You need to Know the Five Love Languages in a Relationship.
Ever felt like you partner doesn’t understand what you’re saying – even when you’re speaking very clearly (is there anything more frustrating?), or just wished you could read their mind during a fight? Even if not with your partner, chances are there have been times where you feel you communicate differently to your friends or even a family member. It all comes down to the five love languages in a Relationship – and why you need to know them.
We all express and feel love differently, and understanding those differences can seriously help your relationship. Our Love Language is how we express, and receive, love.
Do you feel most appreciated when your partner brings you a gift, or better still when they turn off their phone and give you undivided attention, or does your heart just melt when they put their arm around you in public? If you have a different love language than your loved one, it can affect your relationship unless both of you explore each other’s love language and learn what makes each other fulfilled.
Dr Gary Chapman’s “ 5 Love Languages” –
Recently, a friend introduced me to the concept of love languages which is in reference to the book “The 5 Love Languages” written by relationship counsellor Dr Gary Chapman. Its premise is that every individual shows his or her love differently and conflict will arise if you do not understand what language your partner speaks.
Instantly, this resonated with me. Having previously done the Myers-Briggs test, I already know that our personalities deal with conflicts differently, so I had to find out more about the book and its idea.
The description from the website is:
“Between busy schedules and long days, expressing love can fall by the wayside. We forget to compliment, to give gifts “just because,” to linger in our embrace. The things that say “I love you” seem to either not get said or not get through. This is a book about saying it —and hearing it—clearly. No gimmicks. No psychoanalyzing. Just learning to express love in your spouse’s language.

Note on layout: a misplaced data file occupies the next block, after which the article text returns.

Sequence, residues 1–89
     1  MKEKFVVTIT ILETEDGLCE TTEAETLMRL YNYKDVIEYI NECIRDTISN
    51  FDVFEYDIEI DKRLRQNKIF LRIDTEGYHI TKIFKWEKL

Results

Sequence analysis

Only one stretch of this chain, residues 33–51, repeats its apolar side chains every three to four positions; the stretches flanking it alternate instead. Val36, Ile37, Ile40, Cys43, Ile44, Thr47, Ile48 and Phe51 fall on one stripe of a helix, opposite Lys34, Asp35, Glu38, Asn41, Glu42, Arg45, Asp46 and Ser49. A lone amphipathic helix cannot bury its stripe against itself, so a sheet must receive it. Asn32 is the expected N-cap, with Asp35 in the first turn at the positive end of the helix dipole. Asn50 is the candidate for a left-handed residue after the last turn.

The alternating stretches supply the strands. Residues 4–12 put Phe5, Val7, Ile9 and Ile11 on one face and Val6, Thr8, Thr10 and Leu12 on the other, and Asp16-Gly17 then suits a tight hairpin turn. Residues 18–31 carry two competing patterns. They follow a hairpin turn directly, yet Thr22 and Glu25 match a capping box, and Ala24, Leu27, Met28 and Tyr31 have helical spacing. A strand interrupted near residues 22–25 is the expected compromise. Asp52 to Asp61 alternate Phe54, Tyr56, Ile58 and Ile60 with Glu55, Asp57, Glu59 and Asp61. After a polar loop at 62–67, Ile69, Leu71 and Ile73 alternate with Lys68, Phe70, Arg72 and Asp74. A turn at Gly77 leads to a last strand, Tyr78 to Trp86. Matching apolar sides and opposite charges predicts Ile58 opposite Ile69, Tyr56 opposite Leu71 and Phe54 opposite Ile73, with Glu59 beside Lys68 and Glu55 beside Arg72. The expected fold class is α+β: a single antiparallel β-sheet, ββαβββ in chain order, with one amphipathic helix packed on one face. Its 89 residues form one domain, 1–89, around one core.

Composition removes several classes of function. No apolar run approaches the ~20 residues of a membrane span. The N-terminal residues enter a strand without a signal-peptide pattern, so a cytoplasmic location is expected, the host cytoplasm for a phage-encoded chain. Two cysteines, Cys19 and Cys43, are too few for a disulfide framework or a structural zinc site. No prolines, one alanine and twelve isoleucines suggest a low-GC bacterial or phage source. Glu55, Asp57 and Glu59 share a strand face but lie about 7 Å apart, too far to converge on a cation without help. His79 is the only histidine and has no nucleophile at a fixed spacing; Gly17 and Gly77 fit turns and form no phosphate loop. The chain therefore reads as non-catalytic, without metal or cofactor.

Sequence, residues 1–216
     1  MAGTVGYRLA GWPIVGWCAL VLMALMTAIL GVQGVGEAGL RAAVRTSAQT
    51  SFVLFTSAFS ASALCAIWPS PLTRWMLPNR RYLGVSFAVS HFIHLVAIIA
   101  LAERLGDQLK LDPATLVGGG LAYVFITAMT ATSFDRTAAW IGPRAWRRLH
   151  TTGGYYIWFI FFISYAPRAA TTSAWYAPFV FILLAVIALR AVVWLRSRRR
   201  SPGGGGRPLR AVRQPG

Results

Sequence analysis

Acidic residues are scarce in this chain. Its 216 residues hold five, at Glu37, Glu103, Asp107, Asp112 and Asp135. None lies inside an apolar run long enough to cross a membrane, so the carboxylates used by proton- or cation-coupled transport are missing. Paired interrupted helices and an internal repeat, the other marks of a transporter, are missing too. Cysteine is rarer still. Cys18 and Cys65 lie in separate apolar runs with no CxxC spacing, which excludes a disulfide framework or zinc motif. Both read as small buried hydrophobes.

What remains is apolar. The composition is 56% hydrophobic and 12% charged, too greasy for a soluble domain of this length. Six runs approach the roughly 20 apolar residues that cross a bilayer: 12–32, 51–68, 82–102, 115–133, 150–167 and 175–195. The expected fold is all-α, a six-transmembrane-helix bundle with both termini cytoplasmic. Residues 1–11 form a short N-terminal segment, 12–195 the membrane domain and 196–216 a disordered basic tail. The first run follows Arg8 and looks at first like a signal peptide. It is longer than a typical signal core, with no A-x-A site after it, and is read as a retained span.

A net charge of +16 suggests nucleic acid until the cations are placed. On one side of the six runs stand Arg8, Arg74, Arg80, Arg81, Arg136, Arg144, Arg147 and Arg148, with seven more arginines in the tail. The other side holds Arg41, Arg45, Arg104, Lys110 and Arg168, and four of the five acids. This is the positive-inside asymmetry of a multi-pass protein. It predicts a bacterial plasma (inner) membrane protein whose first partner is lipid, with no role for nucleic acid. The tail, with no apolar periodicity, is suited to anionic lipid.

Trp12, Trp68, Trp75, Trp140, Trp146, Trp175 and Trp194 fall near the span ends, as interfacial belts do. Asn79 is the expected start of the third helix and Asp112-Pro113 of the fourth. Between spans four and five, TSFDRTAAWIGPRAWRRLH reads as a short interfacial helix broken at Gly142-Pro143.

With over 11 million books sold, The 5 Love Languages has transformed countless relationships. Its ideas are simple and conveyed with clarity and humor, making this book practical as it is personable. You’ll be inspired by real-life stories and encouraged by its commonsense approach. reading this book feels like taking a walk with a wise friend. Applying it will forever change your relationship—starting today.”
Having taken the quiz and reading about my preferred language, I can see how it can give both individuals and couples a level of awareness that may be useful in his or her relationships. Unfortunately, Dr Chapman also appears to have very outdated ideas on marriage, sexuality, gender roles and what makes a happy partnership. Though I do not condone those ideas, putting aside his personal views, I do agree that understanding your love language is a relationship game-changer.
What are the The Five Love Languages?
1. Words of affirmation – this language uses words to affirm others. ‘You look beautiful today’ or ‘I really appreciated it when you did X,Y,Z’
2. Acts of service – actions are used to communicate love. Think ‘actions speak louder than words’.
3. Receiving gifts – For some people, what makes them feel most loved is to receive a gift (not necessarily an expensive gift!). Gifting is symbolic of love and affection. Of course, how can I not mention I still do here – a wedding anniversary journal by yours truly 😉
4. Quality time – This language is all about giving the other person your undivided attention. If you are with a person who speaks this love language, its time to turn off the phone, shut down the computer and give your partner your full attention with no distractions!